Saving Energy While Charging

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The number of devices we plug in on a given day continues to grow, and even energy efficient devices that are less power hungry can require a large amount of energy and resources to charge. When we consider the number of households across the globe plugging in to recharge, the eye-opening sum deserves pause. When it comes to saving energy, we all have a part to play, and it starts with understanding the most energy efficient ways to charge our devices. What’s the real difference between charging one device by drawing power from another electronic device versus plugging our chargers directly into the wall?

The answer is a little more complicated than choosing A or B, this or that. The difference in energy use between plugging your phone or music player into your computer to charge vs. using a charger plugged directly into the wall is less than you may think. Both charging methods draw electricity from the wall outlet, with one diverted through a cord attached to your computer. In both charging scenarios even the best charge rests around 80% efficiency. Consider that portable devices—tablets, phones, laptops—operate on direct current (DC) electricity stored in their internal batteries. The power coming from the outlet, however, is an alternating current (AC) of electricity which transmits over long distances more easily than DC. Once the AC current hits the charger’s adaptor, it is converted to the usable DC form of energy, wasting some energy during that conversion. The amount of wasted energy rests with quality of your adapter and its ability to convert energy efficiently.

With this in mind, the more pressing question for consumers and tech designers alike is how do we make battery charging and energy consumption more efficient overall? The good news is these adaptors continue to improve in performance, and the industry standards are evolving at exponential rates. The better news is that you, the consumer, can impact energy use by making small changes to the way you both use and charge your phone, preserving its battery life and reducing waste during charging.

“Wireless technology is now the norm,” says a representative from AUKEY, a technology designer and manufacturer known for its efficient, high-performance chargers and other device accessories. “The way you choose to charge can significantly affect your battery life as well as energy consumption. We design the cords to do their job well, but ultimately the consumers have the power to change energy consumption.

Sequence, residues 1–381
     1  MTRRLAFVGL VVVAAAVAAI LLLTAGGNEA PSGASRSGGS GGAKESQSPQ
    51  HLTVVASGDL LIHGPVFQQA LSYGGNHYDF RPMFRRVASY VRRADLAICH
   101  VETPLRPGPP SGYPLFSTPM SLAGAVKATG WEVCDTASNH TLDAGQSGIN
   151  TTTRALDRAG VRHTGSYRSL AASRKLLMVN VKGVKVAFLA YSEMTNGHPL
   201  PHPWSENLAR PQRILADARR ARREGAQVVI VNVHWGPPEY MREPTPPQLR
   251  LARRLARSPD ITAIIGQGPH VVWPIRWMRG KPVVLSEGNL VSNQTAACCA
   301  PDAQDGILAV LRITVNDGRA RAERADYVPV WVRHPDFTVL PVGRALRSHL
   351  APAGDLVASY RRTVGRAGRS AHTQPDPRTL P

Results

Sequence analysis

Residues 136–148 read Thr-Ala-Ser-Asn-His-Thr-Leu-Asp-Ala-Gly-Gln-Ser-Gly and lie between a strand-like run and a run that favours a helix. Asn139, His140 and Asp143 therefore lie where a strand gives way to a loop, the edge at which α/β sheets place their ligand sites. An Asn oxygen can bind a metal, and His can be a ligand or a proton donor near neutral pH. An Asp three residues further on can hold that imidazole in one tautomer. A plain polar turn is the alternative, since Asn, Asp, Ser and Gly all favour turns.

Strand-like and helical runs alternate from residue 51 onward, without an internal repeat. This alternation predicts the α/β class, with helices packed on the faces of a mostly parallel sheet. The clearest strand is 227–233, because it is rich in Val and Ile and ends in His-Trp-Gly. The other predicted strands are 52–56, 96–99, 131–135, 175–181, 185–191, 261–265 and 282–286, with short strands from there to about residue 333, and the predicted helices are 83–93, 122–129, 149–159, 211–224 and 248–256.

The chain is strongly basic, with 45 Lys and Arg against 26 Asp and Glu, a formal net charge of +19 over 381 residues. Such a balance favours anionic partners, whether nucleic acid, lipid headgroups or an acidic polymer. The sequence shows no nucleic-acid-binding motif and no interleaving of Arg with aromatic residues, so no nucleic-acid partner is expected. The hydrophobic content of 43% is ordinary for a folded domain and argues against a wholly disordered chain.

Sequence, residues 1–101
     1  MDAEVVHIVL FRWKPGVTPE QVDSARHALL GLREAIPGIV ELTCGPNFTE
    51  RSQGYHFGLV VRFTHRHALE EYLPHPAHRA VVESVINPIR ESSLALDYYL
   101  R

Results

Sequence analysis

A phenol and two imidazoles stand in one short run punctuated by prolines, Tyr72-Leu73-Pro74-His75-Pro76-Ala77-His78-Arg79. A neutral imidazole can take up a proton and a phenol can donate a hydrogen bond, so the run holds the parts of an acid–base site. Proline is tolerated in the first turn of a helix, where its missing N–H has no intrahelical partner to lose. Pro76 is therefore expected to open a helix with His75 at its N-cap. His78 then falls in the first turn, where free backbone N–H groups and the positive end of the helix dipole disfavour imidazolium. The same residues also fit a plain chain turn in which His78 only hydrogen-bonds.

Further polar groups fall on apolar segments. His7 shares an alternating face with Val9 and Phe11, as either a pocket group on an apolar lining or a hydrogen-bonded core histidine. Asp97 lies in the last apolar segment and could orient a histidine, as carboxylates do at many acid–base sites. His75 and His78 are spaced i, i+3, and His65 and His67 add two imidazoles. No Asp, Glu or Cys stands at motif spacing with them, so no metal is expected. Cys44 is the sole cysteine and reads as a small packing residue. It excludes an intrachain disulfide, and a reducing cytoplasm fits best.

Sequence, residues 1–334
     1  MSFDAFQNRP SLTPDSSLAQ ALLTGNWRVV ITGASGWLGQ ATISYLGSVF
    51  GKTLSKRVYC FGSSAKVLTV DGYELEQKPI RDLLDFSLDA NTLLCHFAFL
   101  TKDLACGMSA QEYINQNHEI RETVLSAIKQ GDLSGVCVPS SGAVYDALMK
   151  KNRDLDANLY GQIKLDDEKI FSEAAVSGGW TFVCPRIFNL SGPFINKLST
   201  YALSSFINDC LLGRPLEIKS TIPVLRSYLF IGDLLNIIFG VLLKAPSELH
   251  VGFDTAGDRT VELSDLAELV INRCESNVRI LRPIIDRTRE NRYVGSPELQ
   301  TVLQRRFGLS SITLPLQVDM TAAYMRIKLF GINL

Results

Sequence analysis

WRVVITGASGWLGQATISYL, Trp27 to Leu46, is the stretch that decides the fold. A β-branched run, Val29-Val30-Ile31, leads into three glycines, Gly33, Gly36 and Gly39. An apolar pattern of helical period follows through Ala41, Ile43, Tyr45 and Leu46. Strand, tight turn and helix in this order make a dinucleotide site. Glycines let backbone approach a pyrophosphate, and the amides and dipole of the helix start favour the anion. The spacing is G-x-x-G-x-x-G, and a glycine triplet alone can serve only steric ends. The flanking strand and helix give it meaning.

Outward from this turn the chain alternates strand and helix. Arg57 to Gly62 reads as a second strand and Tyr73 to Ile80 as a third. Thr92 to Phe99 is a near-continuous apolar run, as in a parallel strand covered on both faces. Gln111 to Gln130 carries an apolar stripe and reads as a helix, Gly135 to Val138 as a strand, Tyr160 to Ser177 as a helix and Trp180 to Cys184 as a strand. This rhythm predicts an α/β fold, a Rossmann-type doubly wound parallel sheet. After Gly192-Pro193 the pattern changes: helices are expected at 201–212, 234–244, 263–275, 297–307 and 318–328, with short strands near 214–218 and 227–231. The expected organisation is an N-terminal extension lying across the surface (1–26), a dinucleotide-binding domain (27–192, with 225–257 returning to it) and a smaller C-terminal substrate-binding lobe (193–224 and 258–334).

Tips to Prolong Battery Life

  1. Update your phone with the latest software which can increase your device’s energy efficiency. The less energy you’re using, the longer you’ll be able to use your phone before charging again.
  2. Utilize your device’s energy-saving modes to optimize performance. These features often affect phone brightness or pause functions that aren’t vital to your device operation. Low-power mode affords a longer battery life while allowing for the essential functionality of the device such as connecting to the internet, making calls, sending emails, or messaging.
  3. Dim the brightness of your device screen to use less power and set your default options to auto-dim during certain times of the day, after the phone is idle, or in certain conditions—your smart devices will be able to detect the surrounding light in the environment and adjust accordingly.
  4. Avoid extreme temperatures which can cause internal damage to your tech and ruin batteries. Exposure to high temperatures can permanently reduce the battery life of your device, and in cold temperatures, you’ll face the temporary drainage of your battery at a more rapid rate.
  5. Use a smart plug when charging from an outlet to consume less energy, especially when the device is not actively charging. With a smart plug, the possibilities for monitoring and managing energy use are compounded in positive ways.
  6. Ditch the case when charging your device. Often bulky cases trap heat during charging, and this often reduces the battery’s storage capacity. A hot phone indicates an inefficient charge. Remove the case while charging to save energy and avoid device damage.
  7. Disable location services which are actively communicating with satellites seeking to exact your location. Poor signal areas mean your phone is constantly searching and draining the life of your battery. Moreover, a phone with location services activated cannot enter sleep mode which conserves the battery.
  8. Stop unused apps that are running in the background and decreasing your battery life. Your phone will have cleanup and management features to help you monitor and disable any apps that don’t need to be running in the background.
  9. Avoid using damaged and unreliable charging cables which can increase both the time and energy required to charge your device. Any frayed cable is a fire hazard and should be discarded.
  10. Use your computer to charge your device only when it’s on. Charging your device while the computer is in sleep mode is an unnecessary strain on both devices.
  11. Charge your device when you can monitor it to avoid overcharging and wasting energy. If your device has a lithium-ion battery, this is less of a concern, but older devices left on a charger once fully charged are still receiving injections of power each time the device’s battery diminishes. This can ultimately reduce the battery’s capacity.

The efficiency of charging your device is dependent on more than just the technology you use. As the consumer, you have the ability to make decisions that directly impact the way your phones, computers, and tablets consume and utilize energy, literally placing the power in your hands.

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